Cape May National Wildlife Refuge is located on the Cape May Peninsula in Southern New Jersey. The refuge is comprised of three units: the Delaware Bay Division, the Great Cedar Swamp Division and the Two Mile Beach Unit.
The refuge provides important habitat for a range of wildlife. The refuge is located along the Atlantic Flyway migratory route and 317 bird species have been identified within the refuge. The five-mile area along the Delaware Bay provides habitat for shorebirds and crab eggs are a plentiful food. Raptors can also be sighted in the refuge, including American kestrels, Cooper's hawks, northern harriers, osprey, peregrine falcons, ospreys and sharp-shinned hawks. The USGS Northern Prairie Wildlife Research Center provides a bird checklist for Cape May National Wildlife Refuge. Mammals also thrive in the refuge and 42 species have been identified. Birds and wildlife are best viewed during the Spring and Autumn.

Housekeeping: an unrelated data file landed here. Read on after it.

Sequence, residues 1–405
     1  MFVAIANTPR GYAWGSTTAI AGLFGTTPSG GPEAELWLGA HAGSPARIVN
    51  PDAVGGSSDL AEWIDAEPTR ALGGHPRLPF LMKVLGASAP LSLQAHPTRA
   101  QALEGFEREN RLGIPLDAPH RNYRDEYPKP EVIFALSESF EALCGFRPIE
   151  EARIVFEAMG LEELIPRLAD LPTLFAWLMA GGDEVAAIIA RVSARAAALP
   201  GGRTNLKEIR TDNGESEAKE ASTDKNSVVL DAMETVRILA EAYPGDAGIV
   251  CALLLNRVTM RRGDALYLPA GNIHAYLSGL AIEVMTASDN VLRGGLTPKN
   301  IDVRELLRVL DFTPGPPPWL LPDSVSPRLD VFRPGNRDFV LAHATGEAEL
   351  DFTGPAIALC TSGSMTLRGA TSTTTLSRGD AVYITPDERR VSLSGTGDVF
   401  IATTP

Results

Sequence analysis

There are four hiking trails for families to explore. Trails include the the Songbird Trail and Woodcock Trail in the Delaware Bay Division; Cedar Swamp Trail in the Great Cedar Swamp Division; and the Dune trail in the Two Mile Beach Unit. Properly licensed and leashed pets are permitted within the refuge, except in the Two Mile Beach Unit. The preserve is open to the public for day use only and camping is not permitted.